Strutjet Rocket Tests

Aircraft Engineering and Aerospace Technology

ISSN: 0002-2667

Article publication date: 1 June 2000

Keywords

Citation

(2000), "Strutjet Rocket Tests", Aircraft Engineering and Aerospace Technology, Vol. 72 No. 3. https://doi.org/10.1108/aeat.2000.12772caf.008

Publisher

:

Emerald Group Publishing Limited

Copyright © 2000, MCB UP Limited


Strutjet Rocket Tests

Keywords Aerojet, Rocket motors, Testing

Aerojet reports that it has recently completed three successful series of Strutjet rocket engine tests in its newly refurbished air breathing engine test facility in Sacramento, California, USA.

"We achieved our goal to optimise the Strut jet engine's air-augmented rocket mode for low speed portions of the mission where high thrust levels are critical", said Dick Johnson, Aerojet program manager. Strutjet, able to operate as both a rocket and a scramjet, is a new type of engine in the early stages of development for launch vehicles, missiles, and other advanced aircraft.

The first series of tests, held in early January, included six high performance rockets fabricated in two integral platelet assemblies. They were performed using hydrogen/oxygen propellants at 1,500 psi chamber pressure and a mixture ratio of 7, with secondary fuel injected to burn with bypass air in the engine duct.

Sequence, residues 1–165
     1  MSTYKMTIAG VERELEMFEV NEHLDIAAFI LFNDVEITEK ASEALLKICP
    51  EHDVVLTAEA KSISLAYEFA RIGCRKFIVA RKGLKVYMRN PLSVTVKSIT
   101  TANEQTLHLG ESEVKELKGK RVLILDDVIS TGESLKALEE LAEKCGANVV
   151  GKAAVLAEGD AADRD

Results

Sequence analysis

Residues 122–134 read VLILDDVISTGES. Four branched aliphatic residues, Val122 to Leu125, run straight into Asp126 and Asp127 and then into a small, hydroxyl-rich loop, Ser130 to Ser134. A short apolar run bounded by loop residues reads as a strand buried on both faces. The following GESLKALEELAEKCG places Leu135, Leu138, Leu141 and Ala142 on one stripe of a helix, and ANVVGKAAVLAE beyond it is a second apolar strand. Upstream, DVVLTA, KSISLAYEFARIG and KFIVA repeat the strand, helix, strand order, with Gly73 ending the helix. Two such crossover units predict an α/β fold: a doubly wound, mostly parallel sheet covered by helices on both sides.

The second series, completed in late January, incorporated Aerojet's first flight-type cooled platelet panel built as part of NASA's advanced space transportation program propulsion technology and integration project. The flight-type panel successfully survived the ducted rocket thermal environments.

The final series of sea level static hotfire tests were completed successfully on 10 February demonstrating a further increase in thrust augmentation with subtle design refinements. These tests also demonstrated hydrogen cooling of the flight-type panel.

The tests, previously conducted at the GASL facility in Long Island, NY, were part of the multimillion dollar extension Aerojet received last year from NASA's Marshall Space Flight Center for continued development of the Strutjet rocket-based combined cycle (RBCC) engine through 2001. The RBCC engine, the generic version of Strutjet, combines rocket/scramjet technology results in an engine that can propel a vehicle from the ground to space with better fuel efficiency and lower cost than traditional rocket engines.

"Moving the tests to Aerojet has increased data quality, reduced test costs, increased test rate, and provided an environment for conveniently testing cooled panels," said Johnson.

Details available from: Aerojet. Tel: +1 916-355-4904.